Every Saturday, the Mercy Bus brings lapsed Catholics to confession

IMAGE: CNS photo/Simon Caldwell

By Simon Caldwell

BURNLEY, England (CNS) — A
diocese in England is using a double-decker bus as a venue for priests to hear
the confessions of people who have stopped going to church.

The Mercy Bus is
touring the Diocese of Salford during Lent in an attempt to reach out to lapsed

Each Saturday, the bus parks in
a busy area of Manchester or one of the outlying towns, and volunteers try to engage shoppers by offering miraculous medals blessed by Pope
Francis as gifts.

If they receive a positive
response, they are invited on the bus, where they can talk with a priest or
receive a blessing — and also go to confession. Two priests offering the sacrament
of reconciliation are stationed at the front and rear of the upper deck and one
at the rear of the lower deck.

Visitors can also depart with
information about the Catholic faith and about times of Masses in their local

Father Frankie Mulgrew, a
Salford priest who helped to devise the project for the Year of Mercy, said
interest from the public had “out-passed expectations.”

In the first two weeks, when the
bus visited Salford, then Bolton, more than 400 people visited, he told CNS in
a Feb. 20 interview in Burnley, on the morning of the bus’ third stop.

Priests later reported hearing
the confessions of “significant numbers” of lapsed Catholics, some of
whom had not been to church “for decades,” he said.

“We are meeting people
where they are, we are parking up beside their lives,” said Father
Mulgrew, 38, a former stand-up comedian who turned his back on a career in
children’s television to become a priest after he said he personally experienced the
mercy of God in confession.

“We are saying: ‘If you have
got any burdens, come on the bus and be free from them. If you are going through
any struggles right now — a family feud, financial problems, a broken
relationship — come on board the bus and experience God’s mercy,'” he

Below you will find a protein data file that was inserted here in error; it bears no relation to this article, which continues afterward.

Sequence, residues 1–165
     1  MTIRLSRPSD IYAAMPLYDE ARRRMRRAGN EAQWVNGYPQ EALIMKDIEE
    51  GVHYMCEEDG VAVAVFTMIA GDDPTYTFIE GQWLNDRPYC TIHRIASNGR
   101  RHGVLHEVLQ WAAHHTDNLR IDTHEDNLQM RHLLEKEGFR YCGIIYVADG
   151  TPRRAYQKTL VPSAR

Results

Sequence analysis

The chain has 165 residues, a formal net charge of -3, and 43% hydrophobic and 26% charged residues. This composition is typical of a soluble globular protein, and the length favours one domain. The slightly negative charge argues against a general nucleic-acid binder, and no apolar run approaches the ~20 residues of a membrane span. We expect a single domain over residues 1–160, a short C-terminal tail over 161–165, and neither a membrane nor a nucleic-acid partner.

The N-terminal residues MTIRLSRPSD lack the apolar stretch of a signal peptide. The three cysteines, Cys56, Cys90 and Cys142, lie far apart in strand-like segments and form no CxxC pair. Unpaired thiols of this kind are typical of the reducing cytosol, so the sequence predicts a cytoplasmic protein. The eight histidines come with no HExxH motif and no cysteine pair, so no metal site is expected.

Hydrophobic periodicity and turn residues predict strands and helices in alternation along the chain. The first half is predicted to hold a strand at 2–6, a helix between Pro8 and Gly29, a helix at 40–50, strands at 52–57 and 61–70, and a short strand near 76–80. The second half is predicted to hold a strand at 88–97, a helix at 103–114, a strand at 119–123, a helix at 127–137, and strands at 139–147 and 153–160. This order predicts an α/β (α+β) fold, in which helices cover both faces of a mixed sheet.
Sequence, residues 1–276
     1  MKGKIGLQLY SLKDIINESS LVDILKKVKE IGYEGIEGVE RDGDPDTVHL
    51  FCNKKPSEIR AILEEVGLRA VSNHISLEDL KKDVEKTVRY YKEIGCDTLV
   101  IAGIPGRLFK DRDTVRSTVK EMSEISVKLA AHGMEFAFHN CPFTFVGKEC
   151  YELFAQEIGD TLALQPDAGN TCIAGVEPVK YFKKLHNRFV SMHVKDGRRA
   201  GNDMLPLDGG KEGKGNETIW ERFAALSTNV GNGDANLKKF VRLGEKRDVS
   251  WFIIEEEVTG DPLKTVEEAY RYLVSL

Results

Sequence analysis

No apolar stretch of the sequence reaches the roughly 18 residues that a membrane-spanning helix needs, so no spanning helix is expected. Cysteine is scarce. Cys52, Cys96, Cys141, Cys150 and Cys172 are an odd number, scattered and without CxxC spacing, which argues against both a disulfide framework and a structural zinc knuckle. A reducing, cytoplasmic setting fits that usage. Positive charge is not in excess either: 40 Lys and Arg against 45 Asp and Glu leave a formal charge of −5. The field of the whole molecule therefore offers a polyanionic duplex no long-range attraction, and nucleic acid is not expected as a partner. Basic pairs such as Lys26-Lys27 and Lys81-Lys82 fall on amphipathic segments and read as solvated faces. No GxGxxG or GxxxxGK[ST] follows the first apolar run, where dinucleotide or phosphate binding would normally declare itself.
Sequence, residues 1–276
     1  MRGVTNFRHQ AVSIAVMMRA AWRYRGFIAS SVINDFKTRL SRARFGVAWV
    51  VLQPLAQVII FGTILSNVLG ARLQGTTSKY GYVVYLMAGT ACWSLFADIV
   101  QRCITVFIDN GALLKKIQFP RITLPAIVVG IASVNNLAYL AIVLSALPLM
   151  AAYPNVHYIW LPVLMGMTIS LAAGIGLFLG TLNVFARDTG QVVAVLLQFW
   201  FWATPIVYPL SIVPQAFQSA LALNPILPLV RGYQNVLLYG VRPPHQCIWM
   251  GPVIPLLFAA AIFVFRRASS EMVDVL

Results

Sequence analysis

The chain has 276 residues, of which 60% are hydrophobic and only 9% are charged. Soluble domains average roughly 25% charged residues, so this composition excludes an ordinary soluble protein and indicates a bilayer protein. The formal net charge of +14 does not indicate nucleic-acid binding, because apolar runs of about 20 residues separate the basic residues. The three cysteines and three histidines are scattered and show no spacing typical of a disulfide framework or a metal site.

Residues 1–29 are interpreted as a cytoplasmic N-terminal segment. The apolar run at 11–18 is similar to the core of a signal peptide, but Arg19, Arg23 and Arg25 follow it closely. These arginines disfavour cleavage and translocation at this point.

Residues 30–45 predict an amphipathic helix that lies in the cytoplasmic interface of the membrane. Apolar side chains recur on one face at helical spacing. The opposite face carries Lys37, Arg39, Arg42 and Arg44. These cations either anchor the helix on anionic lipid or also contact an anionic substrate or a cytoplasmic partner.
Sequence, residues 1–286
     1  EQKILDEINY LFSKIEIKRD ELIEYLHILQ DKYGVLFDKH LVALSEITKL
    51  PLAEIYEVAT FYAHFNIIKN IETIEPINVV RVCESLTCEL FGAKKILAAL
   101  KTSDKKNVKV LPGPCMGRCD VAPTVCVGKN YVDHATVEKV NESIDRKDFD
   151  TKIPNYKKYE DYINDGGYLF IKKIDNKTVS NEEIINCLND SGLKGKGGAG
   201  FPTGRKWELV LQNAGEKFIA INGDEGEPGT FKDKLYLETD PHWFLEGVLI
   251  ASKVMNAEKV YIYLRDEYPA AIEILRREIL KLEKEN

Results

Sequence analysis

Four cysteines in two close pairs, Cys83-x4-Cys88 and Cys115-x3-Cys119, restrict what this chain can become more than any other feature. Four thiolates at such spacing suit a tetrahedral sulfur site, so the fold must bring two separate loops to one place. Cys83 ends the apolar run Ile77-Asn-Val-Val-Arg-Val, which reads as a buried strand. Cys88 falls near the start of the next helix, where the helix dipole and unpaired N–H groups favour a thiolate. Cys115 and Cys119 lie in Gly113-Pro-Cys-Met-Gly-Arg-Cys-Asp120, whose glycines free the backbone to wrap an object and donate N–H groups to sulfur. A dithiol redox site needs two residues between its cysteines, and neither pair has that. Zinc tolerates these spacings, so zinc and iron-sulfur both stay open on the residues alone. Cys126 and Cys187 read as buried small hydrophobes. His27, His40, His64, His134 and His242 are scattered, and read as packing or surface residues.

“We are trying to reconnect
people to faith and provide a place of welcome for them, and acceptance, and a
place where they are going to encounter God’s mercy in a tangible way in their
lives,” Father Mulgrew said.

“It is going out joyfully,”
he added. “It’s trying to show the church in all its beauty and all its joy.”

Father Mulgrew said the
initiative was inspired by the public ministry of Jesus “on the hilltops,
in marketplaces and at the dinner tables” and also by the open-air Masses
celebrated in the slums of Buenos Aires, Argentina, by Cardinal Jorge Bergoglio
before he became Pope Francis.

The initiative was conceived by
a Salford diocesan Year of Mercy “outreach group” of which Father
Mulgrew, a curate in Blackburn, is a member.

The bus was hired from an
Accrington-based company called Moving People at the cost of $330 a day.

Initially, the plan was to use
the bus on each Saturday in Lent, but the initiative is proving to be such a
success that diocesan officials said they plan to retain the vehicle until the
end of the holy year in November.

The front of the bus is
emblazoned with the diocesan Year of Mercy logo with its destination entry
designated as “#nextstopmercy.”

The sides of bus show images of
Pope Francis and priests hearing confessions on either side of “Mercy Bus”
in huge letters.

Pope Francis has given his
personal blessing to the initiative and, according to Father Mulgrew, “laughed
spontaneously” when he presented the pontiff with pictures of the Mercy

“He gave me this great
beaming smile which I took as a great encouragement and affirmation of what I
was working toward,” Father Mulgrew said.

Ahead of the launch, Bishop John
Arnold of Salford announced in a press release that “the Mercy Bus is a
way of reaching out to people who might not otherwise have contact with the church.”

“We are going out to them,
rather than expecting them to come to us,” the bishop said.

The bus is accompanied by up to
40 volunteers and a band of musicians who play live music to draw the attention
of the passing crowds.

Among the volunteers is Hannah Beckford who, from 11 a.m. to 4 p.m. each Saturday, approaches shoppers with
the offer of a miraculous medal.

“We say ‘Would you like a
free gift from the Holy Father?’ and they often come back and ask a bit more
about it,” said Beckford, 25, who also serves as a chaplain in St. Joseph’s
Catholic High School, Horwich.

“It has caused a lot of
interest, especially from people who haven’t been to church for a long time,”
she said.

“The amazing thing about it
is that it has thrown open the doors of the church,” she said. “People
are coming off the bus smiling and expressing sincere thanks.

“It is what the church
should be doing. For a long time I have wanted it to go out, and it’s wonderful
that in Salford that’s what the church is doing,” she continued. “It
is a joy to be a part of it. I love it.”

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